Adwoa Adezawa: The Young Woman and the Sea

| March 22, 2017
Adwoa Adezawa

Adwoa Adezawa sits with her baby girl outside the courtyard where she cleans and processes fish.

Throughout West Africa, women are often called the “invisible fishers” and their significant roles in the fishing industry mostly go unmeasured. And yet, it is becoming increasingly clear that women quietly dominate the sector—even if they don’t go out in boats.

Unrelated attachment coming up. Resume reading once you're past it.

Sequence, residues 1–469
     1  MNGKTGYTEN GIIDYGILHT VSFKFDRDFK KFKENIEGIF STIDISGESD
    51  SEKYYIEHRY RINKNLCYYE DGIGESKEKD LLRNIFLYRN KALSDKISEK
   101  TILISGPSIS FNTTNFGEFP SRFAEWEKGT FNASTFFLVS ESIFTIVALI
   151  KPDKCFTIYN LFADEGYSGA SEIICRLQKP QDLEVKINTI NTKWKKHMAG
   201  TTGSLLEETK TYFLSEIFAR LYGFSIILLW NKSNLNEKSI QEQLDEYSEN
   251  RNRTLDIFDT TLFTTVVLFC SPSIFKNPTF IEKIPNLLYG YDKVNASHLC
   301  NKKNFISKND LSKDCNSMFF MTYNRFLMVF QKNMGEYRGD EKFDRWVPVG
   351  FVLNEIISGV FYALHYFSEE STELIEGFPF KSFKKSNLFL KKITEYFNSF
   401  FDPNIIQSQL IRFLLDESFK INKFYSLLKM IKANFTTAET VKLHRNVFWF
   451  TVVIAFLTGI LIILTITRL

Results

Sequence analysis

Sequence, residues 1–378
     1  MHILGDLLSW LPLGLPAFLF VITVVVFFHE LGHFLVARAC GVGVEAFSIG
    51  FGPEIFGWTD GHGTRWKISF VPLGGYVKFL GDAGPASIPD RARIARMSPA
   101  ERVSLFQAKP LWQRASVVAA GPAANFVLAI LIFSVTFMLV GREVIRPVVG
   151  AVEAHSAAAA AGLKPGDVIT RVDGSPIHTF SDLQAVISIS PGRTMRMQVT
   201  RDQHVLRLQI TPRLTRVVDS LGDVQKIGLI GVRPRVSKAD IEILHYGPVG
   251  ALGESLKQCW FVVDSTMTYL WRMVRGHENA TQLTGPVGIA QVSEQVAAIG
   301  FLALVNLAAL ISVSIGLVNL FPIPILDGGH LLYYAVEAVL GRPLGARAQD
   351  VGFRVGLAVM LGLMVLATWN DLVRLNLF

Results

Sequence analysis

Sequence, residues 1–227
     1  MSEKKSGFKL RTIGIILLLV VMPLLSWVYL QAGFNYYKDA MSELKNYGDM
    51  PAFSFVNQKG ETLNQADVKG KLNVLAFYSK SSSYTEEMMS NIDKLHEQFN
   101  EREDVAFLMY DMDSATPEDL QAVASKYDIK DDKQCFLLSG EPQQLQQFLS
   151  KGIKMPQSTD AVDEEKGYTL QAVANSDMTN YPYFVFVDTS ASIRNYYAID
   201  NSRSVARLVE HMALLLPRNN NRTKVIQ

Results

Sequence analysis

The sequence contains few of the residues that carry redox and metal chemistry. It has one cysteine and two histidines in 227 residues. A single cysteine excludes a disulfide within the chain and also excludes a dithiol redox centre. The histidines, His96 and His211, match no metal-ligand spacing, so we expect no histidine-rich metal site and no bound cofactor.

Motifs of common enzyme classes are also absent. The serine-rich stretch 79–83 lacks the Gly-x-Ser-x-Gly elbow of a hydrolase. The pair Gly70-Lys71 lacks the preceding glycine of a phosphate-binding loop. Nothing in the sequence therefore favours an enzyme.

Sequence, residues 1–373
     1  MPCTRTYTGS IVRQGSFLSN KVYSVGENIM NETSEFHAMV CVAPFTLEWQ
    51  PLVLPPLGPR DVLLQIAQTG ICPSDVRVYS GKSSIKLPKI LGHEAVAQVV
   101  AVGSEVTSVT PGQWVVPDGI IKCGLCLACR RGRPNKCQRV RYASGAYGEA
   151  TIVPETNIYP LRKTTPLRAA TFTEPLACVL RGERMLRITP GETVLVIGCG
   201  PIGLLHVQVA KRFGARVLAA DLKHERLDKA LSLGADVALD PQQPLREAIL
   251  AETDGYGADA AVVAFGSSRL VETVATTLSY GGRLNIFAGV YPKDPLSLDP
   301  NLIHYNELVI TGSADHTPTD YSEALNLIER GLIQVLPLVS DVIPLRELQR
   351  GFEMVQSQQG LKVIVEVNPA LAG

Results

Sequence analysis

Adwoa Adezawa is a fishmonger in Moree, Ghana. She is 20 years old and has two children under the age of four. She stands on the fringes of a community meeting of fishers with her baby on her back, rocking the little girl gently. After listening to the fishermen speak about the problems with illegal, unreported, and unregulated fishing, she speaks up.

“I work with other fishmongers from my village. Together, we clean, smoke, and sell fish. When fish is plentiful, I can feed my family and still have enough to sell and make some money.”

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